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Research Papers: Flows in Complex Systems

Flow Transition Behavior of the Wetting Flow Between the Film Flow and Rivulet Flow on an Inclined Wall

[+] Author and Article Information
Yoshiyuki Iso1

IHI Corporation, Research Laboratory, 1, Shin-Nakahara-Cho, Isogo-Ku, Yokohama 235-8501, Japan e-mail: yoshiyuki_iso@ihi.co.jp Columbia University, Department of Earth and Environmental Engineering, 500 West 120th Street, New York, NY 10027; Department of Civil and Environmental Engineering, Hanyang University, Seoul, 133-791, Korea; School of Aerospace, Xi’an Jiaotong University, Xi’an 710049, China e-mail: xichen@columbia.edu

Xi Chen

IHI Corporation, Research Laboratory, 1, Shin-Nakahara-Cho, Isogo-Ku, Yokohama 235-8501, Japan e-mail: yoshiyuki_iso@ihi.co.jp Columbia University, Department of Earth and Environmental Engineering, 500 West 120th Street, New York, NY 10027; Department of Civil and Environmental Engineering, Hanyang University, Seoul, 133-791, Korea; School of Aerospace, Xi’an Jiaotong University, Xi’an 710049, China e-mail: xichen@columbia.edu

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IHI INC., Business Development Division, 150 East 52nd Street, 24th Floor, New York, NY 10022.

J. Fluids Eng 133(9), 091101 (Sep 12, 2011) (7 pages) doi:10.1115/1.4004765 History: Received October 31, 2010; Revised June 23, 2011; Published September 12, 2011; Online September 12, 2011

Gas-liquid two-phase interfacial flows, such as the liquid film flows (also known as wetting flows on walls), are observed in many industrial processes including absorption, desorption, distillation, and so on. The present study focuses on the characteristics of wetting flows, in particular the drastic transition between the film flow and rivulet flow, as the liquid flow rate and the wall surface texture treatments are varied. The three-dimensional gas-liquid two-phase interfacial flow (wetting flow) simulation is based on the volume of fluid (VOF) model. As the liquid flow rate is increased and then decreased, a hysteresis of the transition between the film flow and rivulet flow is discovered, which implies that the transition phenomenon depends primarily on the history of the change of interfacial surface shape (which affects the process of the flow pattern transition). The applicability and accuracy of the present numerical simulation is validated by using the existing experimental and theoretical studies. Further study on the effect of texture geometry shows that the surface texture treatments added on the wall can impede liquid channeling and increase the wetted area.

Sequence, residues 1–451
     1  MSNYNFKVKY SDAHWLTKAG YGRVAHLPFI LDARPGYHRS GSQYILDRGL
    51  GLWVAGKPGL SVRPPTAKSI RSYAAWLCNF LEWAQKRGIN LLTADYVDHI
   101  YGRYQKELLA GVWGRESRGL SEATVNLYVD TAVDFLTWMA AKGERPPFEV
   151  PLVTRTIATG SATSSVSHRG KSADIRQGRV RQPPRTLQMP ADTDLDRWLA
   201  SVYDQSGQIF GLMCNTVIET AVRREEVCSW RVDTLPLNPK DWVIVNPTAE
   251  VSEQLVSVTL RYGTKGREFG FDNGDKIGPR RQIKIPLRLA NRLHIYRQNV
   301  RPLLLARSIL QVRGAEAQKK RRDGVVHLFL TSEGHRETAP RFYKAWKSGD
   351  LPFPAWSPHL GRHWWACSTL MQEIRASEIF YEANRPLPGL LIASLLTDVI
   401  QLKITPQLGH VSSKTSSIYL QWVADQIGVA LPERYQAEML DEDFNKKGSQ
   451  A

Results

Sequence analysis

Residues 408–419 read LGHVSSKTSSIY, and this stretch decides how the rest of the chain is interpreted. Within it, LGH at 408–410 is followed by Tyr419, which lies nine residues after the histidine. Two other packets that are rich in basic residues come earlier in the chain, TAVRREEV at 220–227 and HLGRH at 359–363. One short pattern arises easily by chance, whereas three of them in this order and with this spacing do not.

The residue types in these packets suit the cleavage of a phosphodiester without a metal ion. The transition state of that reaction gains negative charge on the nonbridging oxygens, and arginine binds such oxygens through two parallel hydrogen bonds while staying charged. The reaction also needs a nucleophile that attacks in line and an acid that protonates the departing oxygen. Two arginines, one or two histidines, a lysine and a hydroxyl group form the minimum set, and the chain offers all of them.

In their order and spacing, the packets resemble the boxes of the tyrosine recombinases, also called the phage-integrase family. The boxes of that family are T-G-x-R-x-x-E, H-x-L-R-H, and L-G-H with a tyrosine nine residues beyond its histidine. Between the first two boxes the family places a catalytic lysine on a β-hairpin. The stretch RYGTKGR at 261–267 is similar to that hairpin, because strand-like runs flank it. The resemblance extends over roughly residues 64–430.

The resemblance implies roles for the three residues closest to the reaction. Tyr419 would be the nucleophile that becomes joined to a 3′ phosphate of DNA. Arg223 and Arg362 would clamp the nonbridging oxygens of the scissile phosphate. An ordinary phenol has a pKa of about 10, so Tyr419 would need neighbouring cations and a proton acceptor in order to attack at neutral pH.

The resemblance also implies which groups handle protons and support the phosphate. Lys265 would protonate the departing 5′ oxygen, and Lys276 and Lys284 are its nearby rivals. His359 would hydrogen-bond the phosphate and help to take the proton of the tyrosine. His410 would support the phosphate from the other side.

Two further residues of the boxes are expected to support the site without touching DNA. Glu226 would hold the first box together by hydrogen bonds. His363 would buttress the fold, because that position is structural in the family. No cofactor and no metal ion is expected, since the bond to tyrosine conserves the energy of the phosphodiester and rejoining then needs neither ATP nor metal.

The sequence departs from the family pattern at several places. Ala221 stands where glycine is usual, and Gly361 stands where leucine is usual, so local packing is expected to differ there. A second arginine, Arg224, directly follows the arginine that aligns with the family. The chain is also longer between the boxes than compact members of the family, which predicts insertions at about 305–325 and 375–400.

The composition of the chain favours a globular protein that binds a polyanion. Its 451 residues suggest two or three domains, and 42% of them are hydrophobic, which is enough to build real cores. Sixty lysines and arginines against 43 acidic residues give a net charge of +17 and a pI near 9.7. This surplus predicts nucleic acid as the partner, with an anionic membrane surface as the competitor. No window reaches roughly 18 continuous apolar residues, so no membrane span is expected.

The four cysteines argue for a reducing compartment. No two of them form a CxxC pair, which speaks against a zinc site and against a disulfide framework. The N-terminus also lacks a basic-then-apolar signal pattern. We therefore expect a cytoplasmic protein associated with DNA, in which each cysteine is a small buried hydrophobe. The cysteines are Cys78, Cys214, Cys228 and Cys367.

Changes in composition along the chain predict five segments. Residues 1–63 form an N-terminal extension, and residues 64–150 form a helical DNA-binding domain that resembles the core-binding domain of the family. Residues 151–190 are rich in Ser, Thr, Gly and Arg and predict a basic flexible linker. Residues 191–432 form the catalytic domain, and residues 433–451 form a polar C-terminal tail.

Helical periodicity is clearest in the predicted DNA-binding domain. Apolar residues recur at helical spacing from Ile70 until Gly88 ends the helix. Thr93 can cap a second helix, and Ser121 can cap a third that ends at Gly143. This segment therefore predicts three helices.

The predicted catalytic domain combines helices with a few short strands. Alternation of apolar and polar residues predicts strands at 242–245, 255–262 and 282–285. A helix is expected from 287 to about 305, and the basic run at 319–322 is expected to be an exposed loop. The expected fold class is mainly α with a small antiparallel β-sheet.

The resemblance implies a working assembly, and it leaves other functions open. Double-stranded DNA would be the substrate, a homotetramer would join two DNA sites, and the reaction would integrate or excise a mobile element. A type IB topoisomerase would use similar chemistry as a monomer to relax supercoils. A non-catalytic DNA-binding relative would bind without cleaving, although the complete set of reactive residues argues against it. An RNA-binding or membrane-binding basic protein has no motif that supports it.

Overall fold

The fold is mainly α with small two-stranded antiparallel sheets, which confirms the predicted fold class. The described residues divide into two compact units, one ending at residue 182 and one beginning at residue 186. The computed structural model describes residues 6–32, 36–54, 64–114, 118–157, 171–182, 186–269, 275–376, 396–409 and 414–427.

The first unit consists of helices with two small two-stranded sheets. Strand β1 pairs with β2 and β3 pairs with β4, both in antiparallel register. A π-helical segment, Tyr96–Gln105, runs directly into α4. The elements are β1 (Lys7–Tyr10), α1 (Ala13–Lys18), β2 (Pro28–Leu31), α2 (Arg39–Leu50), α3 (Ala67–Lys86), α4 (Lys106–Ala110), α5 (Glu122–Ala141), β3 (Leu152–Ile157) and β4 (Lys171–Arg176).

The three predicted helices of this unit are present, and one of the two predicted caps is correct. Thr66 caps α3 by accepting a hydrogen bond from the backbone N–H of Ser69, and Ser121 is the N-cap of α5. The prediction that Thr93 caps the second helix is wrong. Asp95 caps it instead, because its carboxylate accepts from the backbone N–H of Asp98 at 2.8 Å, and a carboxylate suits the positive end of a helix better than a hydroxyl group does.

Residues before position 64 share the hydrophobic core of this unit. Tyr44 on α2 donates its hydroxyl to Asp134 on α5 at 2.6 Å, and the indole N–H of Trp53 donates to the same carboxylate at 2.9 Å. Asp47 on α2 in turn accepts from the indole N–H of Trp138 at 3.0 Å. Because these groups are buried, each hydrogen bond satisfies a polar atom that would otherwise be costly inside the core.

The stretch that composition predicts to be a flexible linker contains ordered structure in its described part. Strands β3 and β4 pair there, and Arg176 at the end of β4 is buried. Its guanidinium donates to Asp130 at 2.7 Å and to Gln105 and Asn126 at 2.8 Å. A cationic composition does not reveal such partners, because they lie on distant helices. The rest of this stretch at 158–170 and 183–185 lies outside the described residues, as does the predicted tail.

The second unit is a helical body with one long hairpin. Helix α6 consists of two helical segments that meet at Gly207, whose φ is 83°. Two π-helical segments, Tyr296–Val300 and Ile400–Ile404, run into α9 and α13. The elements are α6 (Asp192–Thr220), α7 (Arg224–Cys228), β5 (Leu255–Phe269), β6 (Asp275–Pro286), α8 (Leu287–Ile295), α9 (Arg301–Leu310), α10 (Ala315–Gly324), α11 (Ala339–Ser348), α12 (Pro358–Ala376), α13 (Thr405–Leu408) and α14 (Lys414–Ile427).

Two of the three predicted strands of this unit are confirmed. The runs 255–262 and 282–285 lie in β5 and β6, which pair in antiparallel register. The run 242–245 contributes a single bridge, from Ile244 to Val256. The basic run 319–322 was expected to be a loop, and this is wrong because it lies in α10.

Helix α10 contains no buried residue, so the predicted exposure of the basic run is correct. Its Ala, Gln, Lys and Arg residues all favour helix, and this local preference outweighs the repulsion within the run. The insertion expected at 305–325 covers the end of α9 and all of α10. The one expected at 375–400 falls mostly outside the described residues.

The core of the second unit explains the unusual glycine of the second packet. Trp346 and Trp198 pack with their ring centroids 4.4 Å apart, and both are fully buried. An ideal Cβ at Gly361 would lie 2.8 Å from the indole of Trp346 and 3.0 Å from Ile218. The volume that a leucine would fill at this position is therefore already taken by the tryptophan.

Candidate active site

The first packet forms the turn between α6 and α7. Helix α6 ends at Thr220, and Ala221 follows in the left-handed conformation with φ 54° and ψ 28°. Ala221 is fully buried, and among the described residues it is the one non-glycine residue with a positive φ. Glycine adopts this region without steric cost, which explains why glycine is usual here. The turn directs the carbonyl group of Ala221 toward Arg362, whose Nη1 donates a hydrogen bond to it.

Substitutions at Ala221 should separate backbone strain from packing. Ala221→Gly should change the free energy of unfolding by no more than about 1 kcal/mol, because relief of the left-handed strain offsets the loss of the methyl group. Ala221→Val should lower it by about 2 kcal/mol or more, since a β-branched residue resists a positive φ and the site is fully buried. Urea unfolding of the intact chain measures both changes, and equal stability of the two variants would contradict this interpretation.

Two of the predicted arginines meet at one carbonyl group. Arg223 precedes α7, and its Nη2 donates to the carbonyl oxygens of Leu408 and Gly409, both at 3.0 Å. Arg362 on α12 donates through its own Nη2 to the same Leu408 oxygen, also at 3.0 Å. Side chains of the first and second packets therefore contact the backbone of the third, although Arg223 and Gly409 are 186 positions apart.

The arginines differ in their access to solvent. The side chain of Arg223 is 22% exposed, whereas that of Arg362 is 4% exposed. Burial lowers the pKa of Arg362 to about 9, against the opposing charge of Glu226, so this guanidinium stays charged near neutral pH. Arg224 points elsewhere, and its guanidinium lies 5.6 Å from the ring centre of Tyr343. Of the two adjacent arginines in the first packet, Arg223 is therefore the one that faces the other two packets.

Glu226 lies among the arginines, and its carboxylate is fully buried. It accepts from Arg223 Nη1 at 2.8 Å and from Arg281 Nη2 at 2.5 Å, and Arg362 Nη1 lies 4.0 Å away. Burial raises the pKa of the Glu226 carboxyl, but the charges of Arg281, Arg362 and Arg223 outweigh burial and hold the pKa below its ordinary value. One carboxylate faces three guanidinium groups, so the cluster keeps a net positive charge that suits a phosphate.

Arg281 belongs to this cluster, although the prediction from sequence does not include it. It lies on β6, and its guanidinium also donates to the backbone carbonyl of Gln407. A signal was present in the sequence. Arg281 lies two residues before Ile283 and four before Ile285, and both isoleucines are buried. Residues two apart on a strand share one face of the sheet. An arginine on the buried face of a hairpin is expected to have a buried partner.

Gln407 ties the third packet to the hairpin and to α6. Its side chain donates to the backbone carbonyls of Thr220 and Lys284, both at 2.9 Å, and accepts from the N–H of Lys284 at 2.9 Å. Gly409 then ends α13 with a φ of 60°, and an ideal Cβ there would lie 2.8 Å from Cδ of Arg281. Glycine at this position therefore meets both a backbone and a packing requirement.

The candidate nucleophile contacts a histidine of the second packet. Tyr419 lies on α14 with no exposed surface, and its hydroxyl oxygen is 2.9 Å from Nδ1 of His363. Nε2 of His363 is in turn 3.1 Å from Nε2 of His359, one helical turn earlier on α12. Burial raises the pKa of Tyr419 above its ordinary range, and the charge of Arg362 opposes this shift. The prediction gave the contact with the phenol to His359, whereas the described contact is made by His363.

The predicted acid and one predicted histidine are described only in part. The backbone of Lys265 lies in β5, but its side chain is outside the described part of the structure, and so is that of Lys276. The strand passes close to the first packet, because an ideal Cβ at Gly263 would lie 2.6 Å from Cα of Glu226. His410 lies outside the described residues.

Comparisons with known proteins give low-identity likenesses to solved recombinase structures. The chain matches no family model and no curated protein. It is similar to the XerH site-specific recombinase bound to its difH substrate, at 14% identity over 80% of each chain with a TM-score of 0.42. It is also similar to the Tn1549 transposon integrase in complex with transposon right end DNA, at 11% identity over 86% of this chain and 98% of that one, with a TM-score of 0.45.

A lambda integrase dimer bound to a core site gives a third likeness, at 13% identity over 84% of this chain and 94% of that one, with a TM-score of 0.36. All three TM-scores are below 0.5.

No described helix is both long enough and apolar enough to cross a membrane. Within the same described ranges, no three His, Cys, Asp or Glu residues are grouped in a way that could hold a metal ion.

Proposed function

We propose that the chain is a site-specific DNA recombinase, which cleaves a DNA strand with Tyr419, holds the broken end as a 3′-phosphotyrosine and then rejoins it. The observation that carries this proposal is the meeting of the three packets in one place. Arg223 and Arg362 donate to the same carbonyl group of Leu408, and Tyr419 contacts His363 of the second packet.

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Copyright © 2011 by American Society of Mechanical Engineers
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Figures

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Figure 1

Computational region and a sample of grid for wetting flows

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Figure 2

Two images of typical flow features in the present case (birds-eye view)

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Figure 3

Wetted areas Aw/At on the smooth wall as a function of the Weber number Wel N

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Figure 4

Instantaneous liquid flow patterns visualized by interfacial surfaces between gas and liquid (results on the smooth wall while the liquid flow rate is increasing)

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Figure 5

Liquid film thickness δ on the smooth wall as a function of the Reynolds number Rel N (stable film flows are formed when Aw /At  = 1)

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Figure 6

Computational region and a sample grid for wetting flows with wall surface texture treatments

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Figure 7

Wetted areas Aw/At as a function of the Weber number Wel N (while the liquid flow rate is increasing)

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Figure 8

Instantaneous liquid flow patterns visualized by interfacial surfaces between gas and liquid (results on the wall surface texture while the liquid flow rate is increasing)

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